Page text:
Roasting Day
Remove turkey from the bag and drain any brining liquid that may be in the openings. Pat dry the turkey. Melt 1/2 cp butter (1 stick) with 1/4 cp extra virgin olive oil, 2 cloves of garlic (peel and cut them in half). Brush this mixture (avoiding the garlic) over the breast side of the turkey. Put it in the fridge for about 15 minutes, then flip the bird so the thighs are on top and brush with the rest of the butter. Place it in the fridge for another 15 minutes.

In the meantime, preheat oven to 400°. Coarsely chop:
2 oranges
2 carrots
1/2 cp parsley
4 cloves garlic
5 cloves
and mix in:
1 tbsp sage
1 tbsp thyme
1 tbsp rosemary
1 tsp sea salt
Use 1/2 of this mixture to loosely stuff the large cavity of the bird and arrange the other 1/2 under and around the turkey. Put the bird in the oven for 20 minutes at 400°,  then lower the temperature to 325° for the remainder of its cooking time.

Once the thermometer reads about 170°  in the thickest part of the thigh, remove it from the oven and cover it loosely with foil. Allow it to rest covered for about 15 minutes. Remove the aromatics from the crevices before you begin carving it.

I feel a bit silly to have to say this. I totally forgot to take a shot of the bird as it came out of the oven. And boy do I hate that, because it was a BEAUTY. Perfectly cooked, super juicy and golden brown. Will you take my word for it? Here’s a shot of it after slicing.

Nutty Apple Squares

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Honeycrisp Apples, of course!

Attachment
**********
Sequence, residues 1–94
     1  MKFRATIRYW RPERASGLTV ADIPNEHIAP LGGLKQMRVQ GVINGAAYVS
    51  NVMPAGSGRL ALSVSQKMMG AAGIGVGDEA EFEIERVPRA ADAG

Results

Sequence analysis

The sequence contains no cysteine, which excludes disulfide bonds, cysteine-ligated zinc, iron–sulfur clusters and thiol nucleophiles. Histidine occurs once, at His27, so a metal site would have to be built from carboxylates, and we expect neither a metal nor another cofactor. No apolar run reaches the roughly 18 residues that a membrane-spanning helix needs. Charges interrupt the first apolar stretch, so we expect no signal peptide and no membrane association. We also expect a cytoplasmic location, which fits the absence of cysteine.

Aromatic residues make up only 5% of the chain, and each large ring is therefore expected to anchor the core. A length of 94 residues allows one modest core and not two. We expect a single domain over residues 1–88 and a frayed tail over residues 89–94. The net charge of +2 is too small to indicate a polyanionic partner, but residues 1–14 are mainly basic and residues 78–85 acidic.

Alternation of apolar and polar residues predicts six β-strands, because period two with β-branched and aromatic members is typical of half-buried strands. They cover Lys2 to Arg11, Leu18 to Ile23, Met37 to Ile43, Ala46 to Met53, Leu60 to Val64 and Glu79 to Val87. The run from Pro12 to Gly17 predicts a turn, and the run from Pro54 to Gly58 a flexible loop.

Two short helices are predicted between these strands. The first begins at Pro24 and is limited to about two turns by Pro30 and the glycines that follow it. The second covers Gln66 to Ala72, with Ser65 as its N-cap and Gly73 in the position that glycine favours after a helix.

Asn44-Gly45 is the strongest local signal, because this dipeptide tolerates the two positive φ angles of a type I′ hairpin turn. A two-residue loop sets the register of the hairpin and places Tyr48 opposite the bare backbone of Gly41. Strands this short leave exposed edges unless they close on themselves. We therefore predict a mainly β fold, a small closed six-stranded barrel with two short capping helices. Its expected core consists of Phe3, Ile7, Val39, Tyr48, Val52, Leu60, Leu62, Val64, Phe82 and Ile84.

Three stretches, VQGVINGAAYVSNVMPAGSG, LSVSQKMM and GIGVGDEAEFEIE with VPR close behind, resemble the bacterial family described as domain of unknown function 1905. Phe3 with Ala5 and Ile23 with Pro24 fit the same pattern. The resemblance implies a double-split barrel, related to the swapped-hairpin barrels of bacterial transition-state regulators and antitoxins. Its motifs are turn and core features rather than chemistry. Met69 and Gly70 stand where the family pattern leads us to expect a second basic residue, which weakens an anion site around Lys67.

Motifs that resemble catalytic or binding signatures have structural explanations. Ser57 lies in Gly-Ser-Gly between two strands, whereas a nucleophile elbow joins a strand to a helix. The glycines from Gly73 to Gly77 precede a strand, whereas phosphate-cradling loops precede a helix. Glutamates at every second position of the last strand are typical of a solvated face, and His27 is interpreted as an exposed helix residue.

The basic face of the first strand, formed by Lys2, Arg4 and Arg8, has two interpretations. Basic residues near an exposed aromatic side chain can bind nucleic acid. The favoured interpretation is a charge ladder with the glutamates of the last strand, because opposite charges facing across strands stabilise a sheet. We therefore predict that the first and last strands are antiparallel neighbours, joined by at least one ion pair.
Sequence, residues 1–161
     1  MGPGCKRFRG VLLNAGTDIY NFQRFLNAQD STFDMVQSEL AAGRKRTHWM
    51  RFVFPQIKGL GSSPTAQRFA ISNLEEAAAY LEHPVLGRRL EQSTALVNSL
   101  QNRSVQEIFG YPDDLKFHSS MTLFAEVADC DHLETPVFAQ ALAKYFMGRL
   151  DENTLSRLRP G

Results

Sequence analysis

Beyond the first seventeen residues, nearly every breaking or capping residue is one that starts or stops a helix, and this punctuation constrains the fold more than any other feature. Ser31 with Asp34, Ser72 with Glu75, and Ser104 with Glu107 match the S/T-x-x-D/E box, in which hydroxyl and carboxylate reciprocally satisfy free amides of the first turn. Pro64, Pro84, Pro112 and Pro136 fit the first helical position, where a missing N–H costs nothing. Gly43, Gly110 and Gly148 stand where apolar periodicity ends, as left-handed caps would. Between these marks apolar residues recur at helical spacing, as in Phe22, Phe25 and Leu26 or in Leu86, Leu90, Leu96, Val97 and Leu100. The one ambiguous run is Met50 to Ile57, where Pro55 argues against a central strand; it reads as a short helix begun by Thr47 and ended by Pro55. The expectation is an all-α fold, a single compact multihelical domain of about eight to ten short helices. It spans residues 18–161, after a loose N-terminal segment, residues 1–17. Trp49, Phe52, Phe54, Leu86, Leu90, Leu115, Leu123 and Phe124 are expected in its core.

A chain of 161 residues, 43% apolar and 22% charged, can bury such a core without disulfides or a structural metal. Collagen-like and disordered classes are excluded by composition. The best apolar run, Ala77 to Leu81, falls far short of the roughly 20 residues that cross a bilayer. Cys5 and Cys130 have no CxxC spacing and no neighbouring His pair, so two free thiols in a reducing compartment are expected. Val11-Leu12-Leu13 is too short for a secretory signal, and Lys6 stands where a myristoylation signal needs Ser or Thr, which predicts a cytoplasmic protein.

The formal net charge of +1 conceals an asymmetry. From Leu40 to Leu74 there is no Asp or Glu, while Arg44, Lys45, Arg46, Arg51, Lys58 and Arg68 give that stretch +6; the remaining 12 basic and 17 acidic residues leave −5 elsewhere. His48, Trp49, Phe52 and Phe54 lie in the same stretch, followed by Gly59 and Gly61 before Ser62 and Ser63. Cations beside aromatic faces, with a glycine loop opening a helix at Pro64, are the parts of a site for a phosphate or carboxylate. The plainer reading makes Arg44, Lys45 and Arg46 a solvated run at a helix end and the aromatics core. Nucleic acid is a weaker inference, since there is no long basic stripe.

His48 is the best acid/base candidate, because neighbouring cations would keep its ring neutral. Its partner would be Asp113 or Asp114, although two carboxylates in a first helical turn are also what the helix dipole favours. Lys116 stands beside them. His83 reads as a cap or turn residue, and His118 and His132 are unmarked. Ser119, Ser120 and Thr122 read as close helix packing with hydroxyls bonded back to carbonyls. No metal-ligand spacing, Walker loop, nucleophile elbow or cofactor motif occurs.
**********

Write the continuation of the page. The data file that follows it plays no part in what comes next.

I told you I would come up with some ideas to bake with my beloved Honeycrisp Apples. This little treat turned out quite well (after 2 tries), I got the inspiration from pecan squares, Houston’s apple cobbler and my dear friend’s pizza pie.

I took Dorothy’s (Dodo as I call her) pizza pie crust recipe and topped it with my interpretation of Houston’s cobbler–best in town. The result was a buttery crust topped with caramely apples and toasty nuts. And if you really want to indulge, serve it a la mode with some Blue Bell Homemade Vanilla ice cream. Oh yeah!

Preheat oven to 325°
1-1/2  sticks butter, softened
1-1/2 cp flour
1/3 c. powdered sugar

You can mix the above ingredients by hands, believe me, I love my Kitchen Aid, but this is just way easier than washing the bowl and beater later. Incorporate the butter, sugar and flour; this dough will be very soft and pliable. Then spread onto a 11×17 inch cookie sheet. Don’t attempt to roll it, just pat it out on the cookie sheet. You want the depth of the dough to be about 1/2-inch thick. Bake at 325° for 10 minutes, you don’t need to get it completely browned as it will be going back in the oven.

Raise oven’s temperature to 350°
2 cps apples, peeled & diced
1/2 cp water
1 tsp lemon juice
1/2 cp firmly packed brown sugar
1/4 cp honey
1/4 cp corn syrup
2/3 cp butter
1 tsp vanilla
1/4 tsp cinnamon
1/8 tsp nutmeg
3 tbsp whipping cream
3/4 cp each pecans and walnuts, coarsely chopped

In a saucepan, combine the apples, water and lemon juice over medium heat. Cook the apples until slightly soft and the water is absorbed. In the same pan, add the sugar, honey, syrup, vanilla, and spices, then stir in the butter over medium-high heat until melted and it all begins to bubble. At this point, turn off the heat, stir in the cream then the nuts.

Pour this hot filling into prepared crust and bake at 350° for 20 to 25 minutes or until golden and bubbly. Cool completely before cutting into 2-inch squares. This recipe yields about 24 squares.

mmmMashed Potatoes